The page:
back to article Microsoft wants to link satellites to Azure – but it should probably fix its cloud first: Cooling outage hits UK COVID-19 portal, other sites

Microsoft is said to be eyeing up linking people to Azure via satellite – just as its cloud platform partially tripped over in the UK, derailing the country's coronavirus statistics page. The Windows giant today advised customers that one of its southern UK Azure zones is right now offline, and has been for more than four …

  1. fiddley

    So the cheapskates who didn’t pay for zone redundant services have seen their services fall over. Who could have saw that happening? WHO?

    1. TimMaher Silver badge


      Ah so. The World Health Organisation could have predicted it. Probably true.

      Covid-19 anyone?

    2. JassMan Silver badge


      To be fair, reading though Azure pricing structue, their FAQs and 'learn more' documents don't make it clear that you need to pay extra for redundancy. Cloud services have always been sold on the idea that they are distributed and that the provider handles all the maintenance, load balancing etc.

      This all makes it sound like Borkzilla are selling 'off site data center' services as if they are full cloud services. But then, when have they not overhyped everything they sell.

  2. iron Silver badge

    So the UK government hosted the COVID-19 information portal in a single availability zone? Cheap bastards.

    1. Len

      Covid testing and tech issues

      Last weekend I was on day twelve of quarantine after returning to the UK, and eager to be able leave the house again, when I developed some suspicious symptoms including a definitive viral infection.

      The symptoms started on Saturday but I wasn’t able to book a test until Tuesday. I know Serco (who are the people behind the misnamed NHS Test and Trace, it’s not run by the NHS) are having all sorts of issues with testing capacity but the problems started way earlier, on the government website.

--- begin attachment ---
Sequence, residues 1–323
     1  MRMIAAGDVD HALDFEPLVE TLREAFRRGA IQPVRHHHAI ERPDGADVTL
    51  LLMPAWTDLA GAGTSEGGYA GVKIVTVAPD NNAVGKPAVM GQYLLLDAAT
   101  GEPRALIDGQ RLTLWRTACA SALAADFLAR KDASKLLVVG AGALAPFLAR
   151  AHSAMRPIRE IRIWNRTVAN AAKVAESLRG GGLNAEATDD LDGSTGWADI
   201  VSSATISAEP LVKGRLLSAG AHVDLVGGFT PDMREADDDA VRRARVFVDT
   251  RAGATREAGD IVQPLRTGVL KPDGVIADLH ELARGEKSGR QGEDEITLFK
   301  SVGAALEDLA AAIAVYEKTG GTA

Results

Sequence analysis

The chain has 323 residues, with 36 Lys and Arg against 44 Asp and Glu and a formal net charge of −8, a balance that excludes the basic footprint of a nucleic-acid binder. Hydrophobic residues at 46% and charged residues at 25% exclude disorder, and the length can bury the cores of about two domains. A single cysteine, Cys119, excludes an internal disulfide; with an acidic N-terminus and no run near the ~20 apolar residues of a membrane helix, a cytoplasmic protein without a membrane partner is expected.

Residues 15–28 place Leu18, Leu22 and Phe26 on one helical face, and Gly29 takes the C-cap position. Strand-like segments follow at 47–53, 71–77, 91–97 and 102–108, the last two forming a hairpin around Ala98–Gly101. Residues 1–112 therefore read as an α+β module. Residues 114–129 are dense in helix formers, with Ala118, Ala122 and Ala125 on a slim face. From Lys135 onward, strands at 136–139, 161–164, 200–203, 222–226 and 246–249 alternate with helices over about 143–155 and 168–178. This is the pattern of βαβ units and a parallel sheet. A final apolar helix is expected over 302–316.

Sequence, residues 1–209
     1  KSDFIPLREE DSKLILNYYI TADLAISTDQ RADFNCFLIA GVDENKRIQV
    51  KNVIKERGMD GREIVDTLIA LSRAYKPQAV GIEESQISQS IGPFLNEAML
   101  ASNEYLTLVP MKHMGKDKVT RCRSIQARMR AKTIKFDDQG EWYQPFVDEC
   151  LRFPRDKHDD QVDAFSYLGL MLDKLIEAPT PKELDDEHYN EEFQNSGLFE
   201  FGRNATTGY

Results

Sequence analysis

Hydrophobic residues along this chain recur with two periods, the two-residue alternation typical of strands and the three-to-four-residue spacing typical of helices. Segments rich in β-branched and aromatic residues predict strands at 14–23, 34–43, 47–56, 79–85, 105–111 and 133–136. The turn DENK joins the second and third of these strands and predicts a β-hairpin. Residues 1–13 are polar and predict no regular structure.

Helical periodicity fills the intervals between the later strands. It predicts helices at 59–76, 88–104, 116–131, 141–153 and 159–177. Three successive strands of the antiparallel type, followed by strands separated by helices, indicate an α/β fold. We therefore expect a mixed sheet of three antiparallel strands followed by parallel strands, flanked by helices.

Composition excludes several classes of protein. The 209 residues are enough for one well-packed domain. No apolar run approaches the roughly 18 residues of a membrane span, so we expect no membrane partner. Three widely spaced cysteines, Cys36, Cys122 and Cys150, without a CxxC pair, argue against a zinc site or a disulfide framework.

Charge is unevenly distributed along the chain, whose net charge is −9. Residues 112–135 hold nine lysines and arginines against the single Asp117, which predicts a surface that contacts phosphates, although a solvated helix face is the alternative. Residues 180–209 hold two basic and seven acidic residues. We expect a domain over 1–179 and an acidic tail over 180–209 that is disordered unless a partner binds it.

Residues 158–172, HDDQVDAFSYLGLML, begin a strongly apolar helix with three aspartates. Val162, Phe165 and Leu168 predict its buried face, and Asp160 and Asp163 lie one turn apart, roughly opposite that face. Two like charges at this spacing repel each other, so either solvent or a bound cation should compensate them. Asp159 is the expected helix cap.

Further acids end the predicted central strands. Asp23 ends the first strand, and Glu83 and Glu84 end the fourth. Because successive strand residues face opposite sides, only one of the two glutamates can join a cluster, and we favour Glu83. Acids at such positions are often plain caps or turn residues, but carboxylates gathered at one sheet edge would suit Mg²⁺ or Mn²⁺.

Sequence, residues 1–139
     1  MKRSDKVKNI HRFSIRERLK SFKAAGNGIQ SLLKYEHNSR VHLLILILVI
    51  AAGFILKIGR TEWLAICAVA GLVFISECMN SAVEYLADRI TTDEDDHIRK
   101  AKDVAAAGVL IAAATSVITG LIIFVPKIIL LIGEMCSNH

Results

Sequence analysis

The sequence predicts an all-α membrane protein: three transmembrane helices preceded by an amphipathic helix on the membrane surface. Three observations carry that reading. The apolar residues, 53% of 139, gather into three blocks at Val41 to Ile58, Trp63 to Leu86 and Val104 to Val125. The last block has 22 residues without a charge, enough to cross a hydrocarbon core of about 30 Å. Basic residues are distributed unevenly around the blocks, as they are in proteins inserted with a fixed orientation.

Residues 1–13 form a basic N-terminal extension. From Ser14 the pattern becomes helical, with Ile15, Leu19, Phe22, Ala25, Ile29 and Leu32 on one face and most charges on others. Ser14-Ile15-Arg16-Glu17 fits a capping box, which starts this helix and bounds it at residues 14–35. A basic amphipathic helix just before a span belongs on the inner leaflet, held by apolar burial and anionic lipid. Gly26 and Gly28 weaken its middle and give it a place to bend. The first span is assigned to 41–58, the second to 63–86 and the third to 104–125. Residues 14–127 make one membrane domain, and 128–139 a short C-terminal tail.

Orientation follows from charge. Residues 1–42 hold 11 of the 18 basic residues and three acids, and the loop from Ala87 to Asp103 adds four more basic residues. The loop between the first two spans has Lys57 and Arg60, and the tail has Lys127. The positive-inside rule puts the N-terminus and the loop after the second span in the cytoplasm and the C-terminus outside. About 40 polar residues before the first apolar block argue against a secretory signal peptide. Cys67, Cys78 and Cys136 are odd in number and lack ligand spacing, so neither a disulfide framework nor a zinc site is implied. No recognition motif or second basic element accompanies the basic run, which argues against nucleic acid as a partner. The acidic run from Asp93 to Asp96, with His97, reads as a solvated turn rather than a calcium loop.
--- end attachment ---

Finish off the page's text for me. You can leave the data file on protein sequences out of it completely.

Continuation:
Quite often the pathway through the steps would just fail and you’d be sent back to the frontpage to fill in all your details again, and submit buttons felt like they were timing out and you weren’t sure whether they were registered,

      I tried three different browsers, disabled ad blockers, used incognito sessions all to no avail. It seemed like a server side issue.

      Needless to say, I got an appointment which nobody could find on the system once I got to the testing site. Fortunately I took a screenshot to prove I got that far in the web process. I did manage to get a test done (negative) but I can imagine that a lot of people who are not that tech savvy would have just given up even making an appointment.

      It seems we’re heading head first into a second wave and we still don’t have the basics of testing working.

    2. Ken Moorhouse Silver badge

      Re: So the UK government hosted the COVID-19 information portal in a single availability zone?

      They wanted to stop the spread (see my previous comment).

    3. Wilco

      Don't forget that It's your tax money that would have been paying (and paying a lot) for the extra resilience.

      A company loses money if its website is down, because the business goes elsewhere. The government does not. You'll just have to pay your taxes/get divorced/apply for benefits another time.

  3. Ken Moorhouse Silver badge

    Temperature Check

    Does the Azure data centre have any other symptoms?

    Failure to smell burning as it goes up in flames perhaps?

  4. NightFox

    So whose jurisdiction does data come under whilst it's in space bouncing off a satellite? Does the nationality, position and orbit (i.e. geostationary or not) of the satellite make a difference?

  5. loopfish

    Search Service = failed

    Even with the 2 replicas we have - one of our Search Service instances was failing during the outage.

  6. Anonymous Coward
    Anonymous Coward

    I'll be back [up]!

    World spanning satellite connected cloud computing, and AI - what could possibly go wrong?


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